[E]verything in Nigeria is about haunting. It’s about ghosts. The dead are everywhere, and just won’t stay dead. In my Igbo culture, dead parents used to be buried in the middle of the living room and not in cemeteries. So in this way the dead are always there, to guide us, to teach us. – Chris Abani in an interview with Colm Tóibín
According to Johannes Koettl’s paper ‘Human Trafficking, Modern Day Slavery, and Economic Exploitation’ the term human trafficking was first used publicly in the early 1990s in media coverage on the prostitution of women from Eastern Europe in Western Europe. So it’s a fairly new expression but it’s not a new problem; people have been being sold into slavery for thousands of years. The term—which broadly includes include child labour, forced labour, bonded labour, forced prostitution, and so forth—is only a part of a much wider problem though, that of exploitation. The figures are sickening. Even conservative estimates suggest that at least 2.5 million children, women, and men are lured or forced across international borders every year and many more are trafficked within their home countries. The International Labour Organization estimates that at any point in time, at least 12.3 million people are victims of non-consensual exploitation.
The thing about these kinds of figures is that we can so easily forget that every one of the twelve million people is an individual; they have a name and a family and a life. Much research has established that people tend to feel more compassion for single identifiable victims than large masses of victims. The reason? Studies find that a single individual, unlike a group, is viewed as a psychologically coherent unit. This leads to more extensive processing of information and stronger impressions about individuals than about groups. (See The “Identified Victim” Effect: An Identified Group, or Just a Single Individual?)
Both papers I’ve linked to above make sobering reading but I don’t imagine either will really move you terribly. You’ll probably feel you ought to be moved but something’s stopping you. This will not be an issue after you’ve read Becoming Abigail. But before that I have another essay for you. It’s by the author of Becoming Abigail. He’s called Chris Abani and he’s a Nigerian novelist and poet. The essay is called ‘Ethics and Narrative: the Human and Other’. In part:
Baldwin said, and I paraphrase, that suffering means something only in so much as someone else can attach his or her suffering to yours. He offered this as a point for young writers to find ways to make their work compelling, but it speaks often to our general tendencies towards the relational. We feel things for others only in so much as those things can fall within the realm of our understanding. This relational model, while laudable, is also, sadly, delusional.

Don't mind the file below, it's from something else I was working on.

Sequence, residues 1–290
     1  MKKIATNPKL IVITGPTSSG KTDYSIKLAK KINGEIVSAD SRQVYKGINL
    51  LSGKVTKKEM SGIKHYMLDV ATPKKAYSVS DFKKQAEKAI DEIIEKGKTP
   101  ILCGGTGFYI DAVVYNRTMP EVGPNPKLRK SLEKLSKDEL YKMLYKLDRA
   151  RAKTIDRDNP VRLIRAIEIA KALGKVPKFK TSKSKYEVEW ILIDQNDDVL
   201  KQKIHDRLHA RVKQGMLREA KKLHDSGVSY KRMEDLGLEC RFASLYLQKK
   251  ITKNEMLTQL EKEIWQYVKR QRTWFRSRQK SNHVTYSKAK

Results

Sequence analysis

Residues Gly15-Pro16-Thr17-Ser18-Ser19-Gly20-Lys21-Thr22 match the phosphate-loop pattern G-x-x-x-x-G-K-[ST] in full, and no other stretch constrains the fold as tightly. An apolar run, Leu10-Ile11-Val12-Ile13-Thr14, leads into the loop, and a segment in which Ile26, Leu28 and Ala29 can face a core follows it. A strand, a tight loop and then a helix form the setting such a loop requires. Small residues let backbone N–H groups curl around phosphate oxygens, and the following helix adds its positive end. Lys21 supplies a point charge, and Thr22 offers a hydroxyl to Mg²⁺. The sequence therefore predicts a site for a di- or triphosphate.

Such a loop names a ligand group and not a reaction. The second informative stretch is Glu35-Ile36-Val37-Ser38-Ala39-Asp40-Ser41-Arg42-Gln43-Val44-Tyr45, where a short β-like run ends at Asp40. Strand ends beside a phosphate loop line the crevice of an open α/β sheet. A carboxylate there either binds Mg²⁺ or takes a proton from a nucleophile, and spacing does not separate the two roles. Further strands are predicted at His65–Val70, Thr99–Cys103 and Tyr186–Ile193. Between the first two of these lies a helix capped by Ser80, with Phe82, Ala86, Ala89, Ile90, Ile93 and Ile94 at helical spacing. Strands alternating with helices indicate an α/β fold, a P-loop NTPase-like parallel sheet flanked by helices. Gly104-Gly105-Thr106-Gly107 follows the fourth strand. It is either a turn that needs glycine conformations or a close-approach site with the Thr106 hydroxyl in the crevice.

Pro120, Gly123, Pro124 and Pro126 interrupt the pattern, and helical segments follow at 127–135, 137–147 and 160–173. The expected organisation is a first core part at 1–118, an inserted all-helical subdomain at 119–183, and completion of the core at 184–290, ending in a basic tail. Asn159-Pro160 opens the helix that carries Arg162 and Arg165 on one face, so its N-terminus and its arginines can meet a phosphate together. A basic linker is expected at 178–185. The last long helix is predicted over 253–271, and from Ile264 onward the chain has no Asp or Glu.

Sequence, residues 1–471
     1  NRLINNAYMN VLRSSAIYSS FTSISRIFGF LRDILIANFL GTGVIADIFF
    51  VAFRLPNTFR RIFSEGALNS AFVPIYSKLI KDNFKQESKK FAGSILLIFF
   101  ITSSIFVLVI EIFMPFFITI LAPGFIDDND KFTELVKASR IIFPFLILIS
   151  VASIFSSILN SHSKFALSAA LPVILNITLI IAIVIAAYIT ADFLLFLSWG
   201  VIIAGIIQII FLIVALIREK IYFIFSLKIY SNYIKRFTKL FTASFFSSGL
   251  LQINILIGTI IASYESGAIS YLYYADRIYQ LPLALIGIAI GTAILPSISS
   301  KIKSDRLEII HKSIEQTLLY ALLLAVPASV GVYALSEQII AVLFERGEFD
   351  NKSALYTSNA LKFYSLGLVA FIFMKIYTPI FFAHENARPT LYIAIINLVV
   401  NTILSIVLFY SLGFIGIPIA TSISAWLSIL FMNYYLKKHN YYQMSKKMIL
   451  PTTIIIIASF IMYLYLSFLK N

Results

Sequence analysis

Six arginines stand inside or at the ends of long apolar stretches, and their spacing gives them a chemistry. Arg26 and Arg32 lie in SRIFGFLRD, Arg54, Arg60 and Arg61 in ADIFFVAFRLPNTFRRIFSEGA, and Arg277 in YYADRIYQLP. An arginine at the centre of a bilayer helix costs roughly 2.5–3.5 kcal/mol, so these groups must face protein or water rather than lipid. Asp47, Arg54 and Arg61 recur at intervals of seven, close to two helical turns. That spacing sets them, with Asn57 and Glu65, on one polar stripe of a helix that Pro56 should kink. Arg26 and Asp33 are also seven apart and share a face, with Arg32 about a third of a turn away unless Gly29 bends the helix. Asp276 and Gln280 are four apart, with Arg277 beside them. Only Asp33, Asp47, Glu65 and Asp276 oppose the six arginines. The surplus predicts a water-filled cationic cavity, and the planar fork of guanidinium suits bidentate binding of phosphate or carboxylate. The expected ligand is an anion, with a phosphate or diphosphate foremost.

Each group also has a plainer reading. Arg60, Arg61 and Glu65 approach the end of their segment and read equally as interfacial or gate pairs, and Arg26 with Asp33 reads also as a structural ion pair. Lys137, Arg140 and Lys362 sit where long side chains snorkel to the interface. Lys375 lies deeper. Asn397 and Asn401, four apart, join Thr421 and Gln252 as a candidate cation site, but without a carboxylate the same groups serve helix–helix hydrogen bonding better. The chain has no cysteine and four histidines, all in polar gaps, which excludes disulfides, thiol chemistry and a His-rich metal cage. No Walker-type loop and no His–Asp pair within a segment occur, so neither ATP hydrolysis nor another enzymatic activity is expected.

French writer Marguerite Yourcenar says this: “Compassion emphasizes the experience of suffering with those who suffer and it is far from according a sentimental conception of life. It inflicts its knife-like pain only on those who, strong or not, brave or not, intelligent or not, have been granted the humble gift of looking the world in the face and seeing it as it is.” But what if we change the idea of gift to choice? What if compassion, true compassion, requires not the gift to see the world as it is, but the choice to be open to seeing the world as it really is, or as it can be?
This is my hope—to create an art that can catalogue the phenomenon of our nature, all of it, without sentimentality, but rather by leaning into transformation, so as to offer up what Diane Arbus would call the veritable, inevitable, or the possible, so that we can all have that terrible but necessary confrontation with all of ourselves. Whatever we feel about specific situations, we must at all costs avoid the sentimental.
“I love essays,” Abani says in this interview, “but they’re not always the best way to communicate to a larger audience.” The way he chooses is fiction and an adjective that crops up again and again when describing his writing style is “visceral”. Talking with Patty Paine he himself says:
The act of reading my books becomes a visceral, bodily experience. It’s no longer just an intellectual. You can throw the book across the room, and this has been interesting, people, I hear people say things like, “I was reading Becoming Abigail, it took me an hour, and I wanted to throw the book out the window, I wanted to be mad at you, and . . . .” These are good, these are good things. But even people who’ve left the book, Abigail has a way, as do other characters, too, of haunting you. But it’s not that the character’s following you, it’s simply that he’s triggered something.
The book kept my attention, rocking as it does between Then and Now. Abigail Tansi is fourteen when we meet her—or probably a little older but not much—and has arrived at Cleopatra's Needle on London’s Victoria Embankment:
Abigail looked at the cold smiles of the sphinxes. Like them, she was amused at the ridiculous impotence of the phallus they stared at. A time capsule was buried beneath the stone tumescence containing, among other things, fashion photos of the most beautiful women of the nineteenth century.